Obesity is not a choice and should not be treated as one, states psychological report

‘Psychological experiences play a big role’

Olivia Petter
Monday 23 September 2019 16:47
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Obesity is “not a choice”, states a new report from the British Psychological Society (BPS) that calls for changes in how people regard those who are obese.

While BPS does not support the classification of obesity as a disease, as the World Health Organisation does, it stresses the importance of avoiding “language and explanations that locate the ‘problem’ of obesity within individuals”.

The report explains that obesity is more complex than a person’s lack of willpower, as negative stereotypes suggest.

Whilst obesity is caused by behaviour, those behaviours do not always involve ‘choice’ or ‘personal responsibility’,” it explains.

“The people who are most likely to be an unhealthy weight are those who have a high genetic risk of developing obesity and whose lives are also shaped by work, school and social environments that promote overeating and inactivity.”

The BPS also points out that those living in deprived areas may be more susceptible to obesity because they might have less access to affordable healthy food options. Additionally, those living with major life challenges and traumas might be less incentivised to be physically active.

“Psychological experiences also play a big role,” the report continues. “Up to half of adults attending specialist obesity services have experienced childhood adversity.”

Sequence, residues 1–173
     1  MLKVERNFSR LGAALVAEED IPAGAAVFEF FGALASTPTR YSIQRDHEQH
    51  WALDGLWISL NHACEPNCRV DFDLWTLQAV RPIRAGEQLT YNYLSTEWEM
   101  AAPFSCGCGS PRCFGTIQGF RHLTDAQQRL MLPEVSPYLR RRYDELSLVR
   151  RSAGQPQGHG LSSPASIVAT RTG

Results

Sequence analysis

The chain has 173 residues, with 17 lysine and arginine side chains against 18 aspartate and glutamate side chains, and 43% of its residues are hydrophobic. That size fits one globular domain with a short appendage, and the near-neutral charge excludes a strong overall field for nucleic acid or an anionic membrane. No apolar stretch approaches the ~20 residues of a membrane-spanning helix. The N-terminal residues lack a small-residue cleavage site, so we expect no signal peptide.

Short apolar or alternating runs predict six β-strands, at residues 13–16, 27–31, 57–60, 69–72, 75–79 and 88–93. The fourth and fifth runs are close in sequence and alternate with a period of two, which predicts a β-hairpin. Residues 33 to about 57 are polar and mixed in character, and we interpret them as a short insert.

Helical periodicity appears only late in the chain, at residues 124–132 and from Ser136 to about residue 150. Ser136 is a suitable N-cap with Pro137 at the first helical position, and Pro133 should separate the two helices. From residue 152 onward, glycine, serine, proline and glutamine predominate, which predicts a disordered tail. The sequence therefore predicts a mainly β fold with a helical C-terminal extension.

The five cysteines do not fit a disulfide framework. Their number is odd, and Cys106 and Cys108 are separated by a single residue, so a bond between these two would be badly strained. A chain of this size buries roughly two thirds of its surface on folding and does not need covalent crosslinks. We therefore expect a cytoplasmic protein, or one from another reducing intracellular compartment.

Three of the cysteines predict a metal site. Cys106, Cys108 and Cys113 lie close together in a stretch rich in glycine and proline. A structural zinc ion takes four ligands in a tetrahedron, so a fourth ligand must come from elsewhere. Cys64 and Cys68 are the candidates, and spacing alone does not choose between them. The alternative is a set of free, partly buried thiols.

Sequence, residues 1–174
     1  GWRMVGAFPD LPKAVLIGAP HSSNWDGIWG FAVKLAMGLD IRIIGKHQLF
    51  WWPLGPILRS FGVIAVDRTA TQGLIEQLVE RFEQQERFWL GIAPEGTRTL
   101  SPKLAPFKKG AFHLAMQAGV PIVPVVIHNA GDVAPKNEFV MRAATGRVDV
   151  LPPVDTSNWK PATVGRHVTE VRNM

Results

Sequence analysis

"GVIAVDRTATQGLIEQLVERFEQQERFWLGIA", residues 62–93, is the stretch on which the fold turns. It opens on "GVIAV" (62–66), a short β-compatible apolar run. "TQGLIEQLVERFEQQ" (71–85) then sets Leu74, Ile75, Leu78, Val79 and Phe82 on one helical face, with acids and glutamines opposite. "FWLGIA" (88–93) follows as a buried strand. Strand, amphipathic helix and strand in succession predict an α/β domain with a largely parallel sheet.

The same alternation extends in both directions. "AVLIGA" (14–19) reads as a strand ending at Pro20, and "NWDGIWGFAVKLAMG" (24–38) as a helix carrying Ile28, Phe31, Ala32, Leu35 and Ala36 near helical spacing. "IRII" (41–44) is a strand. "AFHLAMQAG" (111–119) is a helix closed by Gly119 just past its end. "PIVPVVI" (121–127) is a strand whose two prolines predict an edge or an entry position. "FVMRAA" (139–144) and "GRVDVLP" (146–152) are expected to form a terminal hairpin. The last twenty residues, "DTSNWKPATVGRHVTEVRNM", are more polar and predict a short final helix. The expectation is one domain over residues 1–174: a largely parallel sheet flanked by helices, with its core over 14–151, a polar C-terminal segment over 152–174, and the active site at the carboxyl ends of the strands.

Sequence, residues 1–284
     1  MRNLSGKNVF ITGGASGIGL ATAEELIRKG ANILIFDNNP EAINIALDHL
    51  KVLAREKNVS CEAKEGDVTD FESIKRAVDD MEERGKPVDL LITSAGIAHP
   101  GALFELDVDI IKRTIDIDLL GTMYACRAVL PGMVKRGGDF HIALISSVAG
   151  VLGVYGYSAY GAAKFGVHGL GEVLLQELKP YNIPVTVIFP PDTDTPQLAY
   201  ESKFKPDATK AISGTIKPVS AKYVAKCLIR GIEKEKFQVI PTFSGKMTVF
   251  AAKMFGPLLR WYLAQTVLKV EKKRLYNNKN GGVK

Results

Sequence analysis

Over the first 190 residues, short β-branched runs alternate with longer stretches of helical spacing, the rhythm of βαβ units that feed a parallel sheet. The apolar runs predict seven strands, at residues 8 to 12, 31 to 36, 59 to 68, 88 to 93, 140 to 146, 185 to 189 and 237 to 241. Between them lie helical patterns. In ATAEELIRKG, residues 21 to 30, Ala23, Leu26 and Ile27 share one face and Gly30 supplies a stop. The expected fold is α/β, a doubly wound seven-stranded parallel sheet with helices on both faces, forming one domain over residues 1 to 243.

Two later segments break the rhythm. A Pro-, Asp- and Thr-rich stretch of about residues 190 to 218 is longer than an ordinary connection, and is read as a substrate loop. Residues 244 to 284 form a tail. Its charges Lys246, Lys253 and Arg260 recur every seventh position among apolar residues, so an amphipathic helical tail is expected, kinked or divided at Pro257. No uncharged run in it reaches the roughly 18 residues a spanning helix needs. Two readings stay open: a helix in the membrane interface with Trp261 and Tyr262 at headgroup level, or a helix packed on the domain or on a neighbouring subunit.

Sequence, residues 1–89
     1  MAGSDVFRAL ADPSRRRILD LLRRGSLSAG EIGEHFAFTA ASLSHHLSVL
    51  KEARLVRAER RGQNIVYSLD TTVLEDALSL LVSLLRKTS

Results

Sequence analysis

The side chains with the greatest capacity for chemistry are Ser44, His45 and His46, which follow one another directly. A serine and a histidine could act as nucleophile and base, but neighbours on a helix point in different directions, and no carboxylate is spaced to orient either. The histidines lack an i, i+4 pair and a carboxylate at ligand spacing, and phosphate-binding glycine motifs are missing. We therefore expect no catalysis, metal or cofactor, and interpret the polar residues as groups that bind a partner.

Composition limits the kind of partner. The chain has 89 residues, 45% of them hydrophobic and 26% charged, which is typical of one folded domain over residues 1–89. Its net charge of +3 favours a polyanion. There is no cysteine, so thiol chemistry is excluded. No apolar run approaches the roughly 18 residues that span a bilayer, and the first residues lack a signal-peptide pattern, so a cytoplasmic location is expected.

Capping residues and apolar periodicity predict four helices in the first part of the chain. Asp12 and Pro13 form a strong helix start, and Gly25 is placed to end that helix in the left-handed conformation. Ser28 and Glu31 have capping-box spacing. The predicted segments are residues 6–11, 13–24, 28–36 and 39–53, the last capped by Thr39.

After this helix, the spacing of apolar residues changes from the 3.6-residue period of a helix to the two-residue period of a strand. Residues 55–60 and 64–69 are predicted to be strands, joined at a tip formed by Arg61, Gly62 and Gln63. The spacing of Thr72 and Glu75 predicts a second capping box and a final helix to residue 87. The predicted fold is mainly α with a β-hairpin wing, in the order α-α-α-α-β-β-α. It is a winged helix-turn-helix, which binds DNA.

The report touches on “emotional eating” and says that those who diet frequently may be more inclined to overeat when they are feeling particularly vulnerable.

Angel Chater, a chartered psychologist at the University of Bedfordshire and one of the report’s authors, said: “Adult obesity levels in England increased by 18 per cent between 2005 and 2017, and there were similar increases in Scotland, Northern Ireland and Wales.

“This cannot be explained by a sudden loss of motivation across the four nations of the UK. The increase in obesity can, in part, be attributed to changes in the food supply and physical activity environment.”

To address the problem, Dr Chater says we need to understand how weight management and behaviour changes for obesity prevention are informed by psychology.

Sarb Bajwa, chief executive of the BPS, said the government should tackle the issue of obesity in a similar manner to smoking.

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“It has taken action at all levels for decades, from government policy to helping individual smokers, but we are now seeing significant reductions in the level of smoking and the health problems it causes,” Mr Bajwa pointed out.

“Psychologists have the science and clinical experience to help the health service do the same for obesity.

“We can help, not just by devising ways of helping individuals, but also by advising on public policy that will help create an environment in which people find it easier not to become obese in the first place.”

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